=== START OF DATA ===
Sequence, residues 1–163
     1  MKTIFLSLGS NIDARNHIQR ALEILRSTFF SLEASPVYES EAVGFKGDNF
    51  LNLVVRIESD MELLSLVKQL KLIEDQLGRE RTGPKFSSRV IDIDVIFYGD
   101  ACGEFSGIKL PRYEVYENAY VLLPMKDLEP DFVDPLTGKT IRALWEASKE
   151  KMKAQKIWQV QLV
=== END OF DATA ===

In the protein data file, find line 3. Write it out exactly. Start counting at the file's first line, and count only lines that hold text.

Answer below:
    51  LNLVVRIESD MELLSLVKQL KLIEDQLGRE RTGPKFSSRV IDIDVIFYGD